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Student Stories

Journey to Sundance

It was a chance encounter between a story and storyteller that birthed a new short film, Safe Haven, which recently earned Amri Rigby, an Academy senior, a 2018 Sundance Ignite Fellowship.


“I knew in my gut I had to make this movie,” Rigby said. “I couldn’t be the only one who heard this story.  Other people need to hear it.”


Inspired by a true story, Safe Haven is a short film about Amelia Palomino*, a high school senior, struggling with depression who fights to attend college in order to break out of her family’s cycle of immobility, but risks defying her mother in the process. 


The film explores mental illness, cutting, and mother-daughter conflict in a Mexican family. The story and its themes make Rigby, who is male and not Hispanic, an unlikely conduit.  Yet, he knew the story was meant for him to tell.  He just needed to crack the code.

“It was a hard story to unravel and I went through multiple iterations before I solved it,” Rigby said.  “I was even told by a professor that I wasn’t the writer for this story, but I knew this film should never be about me.  It’s about the girl who inspired this film and the people it’s supposed to reach.  I was very focused on honoring her story and being culturally authentic.”


Rigby immersed himself in heavy research, interviewing Mexican families to gain a deeper understanding of cultural nuances.  The film alternates between English and Spanish dialogue and yet nothing is lost in translation because the audience is tuning into emotional cues. Communication is empathetic.


“I’ll see things, hear things, I’ll pull out the core of what’s really there.  I’m a subtext person,” Rigby said.


This existential problem-solving approach is not surprising as Rigby is not your typical filmmaker.  He is a senior pursuing a degree in Arts, Technology and the Business of Innovation at the USC Iovine and Young Academy, a program which intentionally cultivates a startup mindset and an interdisciplinary, collaborative approach to creating an impact.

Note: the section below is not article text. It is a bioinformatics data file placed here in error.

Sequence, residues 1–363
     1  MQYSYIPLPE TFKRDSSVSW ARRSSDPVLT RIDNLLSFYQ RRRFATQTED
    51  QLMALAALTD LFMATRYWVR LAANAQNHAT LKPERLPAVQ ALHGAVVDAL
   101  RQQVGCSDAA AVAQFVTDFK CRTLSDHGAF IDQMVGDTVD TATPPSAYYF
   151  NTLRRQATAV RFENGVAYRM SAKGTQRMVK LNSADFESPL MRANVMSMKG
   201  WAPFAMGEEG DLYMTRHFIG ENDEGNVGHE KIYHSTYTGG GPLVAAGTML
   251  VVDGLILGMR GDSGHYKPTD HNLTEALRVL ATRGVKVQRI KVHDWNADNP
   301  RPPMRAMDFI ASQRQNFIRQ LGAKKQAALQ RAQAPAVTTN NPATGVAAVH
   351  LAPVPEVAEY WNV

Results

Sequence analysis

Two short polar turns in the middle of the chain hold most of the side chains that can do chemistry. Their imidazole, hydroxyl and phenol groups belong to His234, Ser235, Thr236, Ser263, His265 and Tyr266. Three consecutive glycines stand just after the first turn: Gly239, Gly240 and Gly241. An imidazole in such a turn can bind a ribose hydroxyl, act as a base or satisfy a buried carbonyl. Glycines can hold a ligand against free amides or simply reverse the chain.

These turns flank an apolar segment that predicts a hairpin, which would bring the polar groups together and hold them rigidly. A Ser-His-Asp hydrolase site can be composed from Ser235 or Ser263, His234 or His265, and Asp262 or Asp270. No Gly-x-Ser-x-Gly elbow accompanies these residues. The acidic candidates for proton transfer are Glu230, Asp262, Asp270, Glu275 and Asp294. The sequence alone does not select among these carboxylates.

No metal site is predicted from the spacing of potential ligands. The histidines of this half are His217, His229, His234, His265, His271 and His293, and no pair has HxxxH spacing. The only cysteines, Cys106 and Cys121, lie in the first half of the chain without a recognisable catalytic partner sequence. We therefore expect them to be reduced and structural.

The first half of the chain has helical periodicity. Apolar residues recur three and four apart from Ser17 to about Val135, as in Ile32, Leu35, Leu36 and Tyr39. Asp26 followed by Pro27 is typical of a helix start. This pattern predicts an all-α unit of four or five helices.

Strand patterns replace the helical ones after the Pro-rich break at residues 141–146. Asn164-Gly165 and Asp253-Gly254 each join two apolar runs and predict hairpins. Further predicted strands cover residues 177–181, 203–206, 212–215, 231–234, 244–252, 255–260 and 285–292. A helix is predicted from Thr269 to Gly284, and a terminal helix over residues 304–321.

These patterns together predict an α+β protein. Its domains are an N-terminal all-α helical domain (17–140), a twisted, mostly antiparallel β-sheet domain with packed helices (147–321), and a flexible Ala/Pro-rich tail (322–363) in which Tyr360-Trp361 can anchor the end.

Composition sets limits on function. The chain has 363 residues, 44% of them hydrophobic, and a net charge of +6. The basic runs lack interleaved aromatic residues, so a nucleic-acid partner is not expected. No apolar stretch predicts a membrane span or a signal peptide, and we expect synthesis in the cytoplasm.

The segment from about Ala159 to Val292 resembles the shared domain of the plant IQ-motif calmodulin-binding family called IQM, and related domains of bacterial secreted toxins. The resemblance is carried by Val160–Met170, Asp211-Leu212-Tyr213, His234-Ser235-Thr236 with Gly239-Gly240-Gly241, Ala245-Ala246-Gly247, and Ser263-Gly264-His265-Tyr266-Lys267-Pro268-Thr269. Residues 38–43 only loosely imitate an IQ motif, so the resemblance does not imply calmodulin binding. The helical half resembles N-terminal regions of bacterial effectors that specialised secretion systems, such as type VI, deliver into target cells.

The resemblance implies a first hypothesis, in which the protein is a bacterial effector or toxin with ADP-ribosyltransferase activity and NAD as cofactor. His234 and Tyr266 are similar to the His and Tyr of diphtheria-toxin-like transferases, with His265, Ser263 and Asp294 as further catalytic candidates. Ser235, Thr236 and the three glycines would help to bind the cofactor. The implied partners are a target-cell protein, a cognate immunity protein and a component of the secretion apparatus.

“Making movies, for me, is not some overly auteur, highbrow art-house thing,” Rigby said. “Filmmaking is about uniting people under a vision and pushing a story forward as a community. It is a form of collaborative leadership. There is an art, creativity, and business to it that I’m very invested in.”


As a leader, it was important for Rigby to create an environment where actors and crew members could bring out their best selves. “I like to bring joy wherever I go.” Rigby said. “People need joy. If you don’t make an active decision to protect your joy, you’ll get robbed of it every second of every day.”


The filmmaking process, from financing to post-production, was arduous.  The logistics of coordinating crew and actors, dealing with a revolving door of producers, and the possibility of the lead actor dropping out was a lot to handle, especially for a novice filmmaker.


Rigby, however, was unfazed by the natural turbulence of filmmaking. “I didn’t put so much pressure on myself because the burden was not mine,” Rigby said. “This was God’s project and it was going to happen, period.”


Call it destiny or luck, but opportunities aligned for Rigby -- access to the right people, studio equipment, and sound technicians all supported Rigby’s uncompromising vision and commitment to excellence. 


“Some people thought this was going to be a tiny student film,” Rigby said. “I don’t have time for little. I’m not in the business of little.”


Rigby’s determination paid off. He was selected from over 800 global applicants to be 1 of 15 Sundance Ignite fellows. The fellowship provides him unique access to a year-long professional mentorship and an all-expense paid trip to the Sundance Film Festival.


At its core, Safe Haven, is a film about resilient hope that persists in the hard, hidden moments of life. The film, as its filmmaker, is concerned with the human dialogue of storytelling. The language it chooses is empathy.


“I’ve heard ‘you can’t do this’ so many times, but my motivation is not to prove people wrong.” Rigby said. “I believe all people are intrinsically valuable and I want to tell stories that take a slice of life that people can relate to and be inspired.”


*Names and identifying details have been changed to protect the privacy of individuals.